“Being an entrepreneur, I felt like I had gaps in my knowledge and I couldn’t keep pace in conversations with executives and potential partners to the degree I needed to. I wanted more of the knowledge that would enable me to carry on and lead these conversations.” said Olivia.

Olivia’s impressive efforts in creating this business have not gone unrecognized. She was featured by Girls in Tech Taiwan 40 Under 40 and Studio 1 Labs won the Markham Board of Trade Aspire Startup Award in 2018. Outside of being the Executive Director of Studio 1 Labs, Olivia was a mentor for the City of Waterloo’s initiative, Girls in STEAM, a program that promoted tech and other STEAM careers to local girls to spark their interest at a young age. Olivia now lives in Taiwan, as she continues her rewarding (and challenging) entrepreneurial journey and helps to continue to #ChangeTheCourse of healthcare technology. 

Statistics is music to our ears

Two Smartly content authors join forces to give you this sweeping ode to statistical correlation: The Correlation Song.

Here at Smartly, we’ve purposefully built a team of polymaths: our business knowledge and experience extend from corporate governance to market research to advanced statistics and beyond. Our educational backgrounds are equally broad: we’ve got a Ph.D. linguist and a Ph.D. mathematician cum classicist, a philosopher, a handful of historians, a quartet of computer science wizards—the list goes on. We even have a Ph.D. archeologist (Indiana Jones, anyone?).

So I guess it’s no surprise that our team’s other skills and interests also run the gamut: from marketing associate Karina’s expertise in fashion to co-founder Alexie’s mastery of Italian to content creator Ray’s homemade doll houses.

For Ellie and I (both members of the content team), our other skill is music: Ellie as a shredding bassist and gifted singer on the San Fran scene, and I as a Latin Grammy-nominated recording engineer and composer (hi, Mom!) based in LA.

Last week, we joined forces to give you this, The Correlation Song. Ellie, our top statistics author/editor, was so inspired by her love of stats that she wrote and sang this sweeping ode to correlation. I am honored to have simply helped bring the track to life. We hope you enjoy these warm—and educational!—vibes from the West Coast. And don’t hesitate to share this song with others: being social and being successful are strongly correlated.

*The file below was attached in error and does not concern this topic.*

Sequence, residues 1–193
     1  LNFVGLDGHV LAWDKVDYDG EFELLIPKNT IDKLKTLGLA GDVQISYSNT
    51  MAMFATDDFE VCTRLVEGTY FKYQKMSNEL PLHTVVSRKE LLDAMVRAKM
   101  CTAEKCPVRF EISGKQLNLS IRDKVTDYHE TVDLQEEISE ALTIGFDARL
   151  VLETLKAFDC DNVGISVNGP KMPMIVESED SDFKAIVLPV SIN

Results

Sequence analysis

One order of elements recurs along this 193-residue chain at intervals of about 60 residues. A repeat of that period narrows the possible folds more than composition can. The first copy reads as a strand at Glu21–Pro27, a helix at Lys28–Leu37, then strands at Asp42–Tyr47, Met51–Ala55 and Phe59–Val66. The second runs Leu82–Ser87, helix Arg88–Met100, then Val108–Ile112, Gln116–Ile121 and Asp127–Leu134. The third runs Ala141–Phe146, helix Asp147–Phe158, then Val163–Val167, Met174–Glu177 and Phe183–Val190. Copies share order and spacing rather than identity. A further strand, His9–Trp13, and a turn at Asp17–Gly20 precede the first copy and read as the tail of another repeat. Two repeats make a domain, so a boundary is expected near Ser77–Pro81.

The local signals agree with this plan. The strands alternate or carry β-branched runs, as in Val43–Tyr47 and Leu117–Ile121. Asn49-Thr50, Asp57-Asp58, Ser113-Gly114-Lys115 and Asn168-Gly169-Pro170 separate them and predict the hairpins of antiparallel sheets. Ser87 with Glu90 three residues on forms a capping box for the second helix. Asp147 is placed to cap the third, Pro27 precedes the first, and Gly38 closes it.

P.S.—Make sure to check out our course Two-Variable Statistics, the inspiration for this dope cut.

Nostalgia for Overhead Projectors

Bret Victor gave an entertaining talk on the history and/or future of computing at DBX 2013. In addition to the fascinating subject matter, Bret took the charming step of presenting with transparencies and an overhead projector.

overhead projector

Bret Victor gave an entertaining talk on the history and/or future of computing at DBX 2013. In addition to the fascinating subject matter, Bret took the charming step of presenting with transparencies and an overhead projector.

We thought it’d be fun to recreate this effect. An evening of hacking resulted in a new toy: TransparenCSS (demo | source).

We’re abusing -webkit-mask-box-image, so for the full experience you’ll need Safari or Chrome. Firefox works, but you’ll be missing out on the “virtual glaucoma” effect.

Feel free to use TransparenCSS as a base for your own retro-future conference talks.

Questions, comments? You should follow Pedago on Twitter.

Learn more about online education at Pedago on Pedago.com.

†Technically, an overhead projector fitted with a camera in the armature. Presumably, it would have taken a fairly strong bulb to project an image large enough for the entire conference hall…